With the ordinance adopted by the County Board of Supervisors on Jan. 12, the city of El Cajon voted unanimously to direct staff to initiate a zoning code amendment to incorporate Microenterprise Home Kitchen Operations performance standards.
The second reading of the county ordinance was at the Jan. 25 Board of Supervisors meeting, and if approved would be adopted 30 days later.
The City is responsible for the investigation of MEHKO nuisance complaints. The Zoning Ordinance already includes performance standards but did not contemplate MEHKOs as a land use.
The City’s zoning code currently contains performance standards for residential zones, but it does not include specific regulations related to MEHKOs. To ensure that performance standards are clear and concise for MEHKOs operating in the City, staff recommended that City Council initiated an amendment to the zoning code to:
• Add definitions for MEHKO-specific terminology to ensure proper enforcement.
• Establish restrictions and conditions related to commercial equipment not intended for residential purposes; and
• Establish performance standards related to traffic and congestion, grease storage and disposal, fire hazards, vermin, wood-burning, refuse storage.
Adopting a zoning amendment would require a public hearing before the Planning Commission before coming to City Council.
Any complaints to the operation of a MEHKO impacts to the community would be enforced by the City and anything related to violations of Retail Food Code would be enforced by the County.
City Manager Graham Mitchell said the amendment would deal with zoning violations to make it clear to MEHKO operators what the thresholds are.
“If there were complaints, police would not be involved,” he said responding to Council member Michelle Metschel’s question about how violations would be handled. “It would become a code enforcement issue.”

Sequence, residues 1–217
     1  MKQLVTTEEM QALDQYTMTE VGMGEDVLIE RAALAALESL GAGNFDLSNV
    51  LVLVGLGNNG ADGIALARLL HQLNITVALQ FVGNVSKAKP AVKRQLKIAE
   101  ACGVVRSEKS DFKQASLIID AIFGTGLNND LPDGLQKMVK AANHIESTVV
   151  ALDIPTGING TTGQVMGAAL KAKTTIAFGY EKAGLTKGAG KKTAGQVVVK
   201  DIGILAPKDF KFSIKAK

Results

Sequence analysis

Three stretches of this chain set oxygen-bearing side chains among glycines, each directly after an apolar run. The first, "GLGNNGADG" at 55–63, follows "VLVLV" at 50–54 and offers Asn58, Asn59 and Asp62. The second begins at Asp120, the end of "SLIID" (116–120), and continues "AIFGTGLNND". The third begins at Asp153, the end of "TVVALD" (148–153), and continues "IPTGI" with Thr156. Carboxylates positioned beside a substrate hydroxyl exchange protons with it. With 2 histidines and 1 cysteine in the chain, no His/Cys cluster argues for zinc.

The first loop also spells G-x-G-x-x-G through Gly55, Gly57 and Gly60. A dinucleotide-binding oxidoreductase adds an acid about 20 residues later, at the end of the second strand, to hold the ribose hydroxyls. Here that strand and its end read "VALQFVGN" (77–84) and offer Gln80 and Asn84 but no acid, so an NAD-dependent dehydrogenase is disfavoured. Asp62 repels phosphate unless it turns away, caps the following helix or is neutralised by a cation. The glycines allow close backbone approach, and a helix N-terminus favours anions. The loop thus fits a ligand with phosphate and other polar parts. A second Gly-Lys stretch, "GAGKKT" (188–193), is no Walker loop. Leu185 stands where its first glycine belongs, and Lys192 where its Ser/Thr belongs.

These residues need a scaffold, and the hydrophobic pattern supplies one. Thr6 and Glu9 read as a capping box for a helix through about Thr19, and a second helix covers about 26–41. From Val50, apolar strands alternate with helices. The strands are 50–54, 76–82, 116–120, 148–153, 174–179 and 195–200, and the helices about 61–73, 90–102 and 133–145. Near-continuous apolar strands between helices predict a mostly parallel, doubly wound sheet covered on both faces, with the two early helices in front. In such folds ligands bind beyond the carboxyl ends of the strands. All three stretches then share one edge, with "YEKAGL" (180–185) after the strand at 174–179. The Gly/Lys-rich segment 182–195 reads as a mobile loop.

City Attorney Morgan Foley said the County owns the vast rights to permits in the city of El Cajon.
“That is unique,” he said. “It is like food grading and food handling at the restaurants. We do not handle those. If we get complaints, it does not come to us, it goes to the county. In the case of a MEHKO, if it is a similar complaint, it goes to the county, not us. If it has to do with parking, congestion, noise, smells, and things like that, we have the ability to adopt our own nuisance guidelines and criteria. That is what staff is recommending is that we come back to amend our zoning code that allows us to undertake those types of enforcement actions.”
The temporary MEHKO ordinance approved by the Board will apply to all jurisdictions in the county and includes requirements or operational provisions for categories including food safety certificates, allowable food storage areas, potable water, and ongoing testing to be enforced by the County Department of Environmental Health and Quality. Nuisance complaints regarding the operation of a MEHKO will be enforced by individual cities within the county, which may choose to utilize existing performance standards or adopt new standards. Violation of a performance standard is considered a nuisance and would be subject to code compliance action.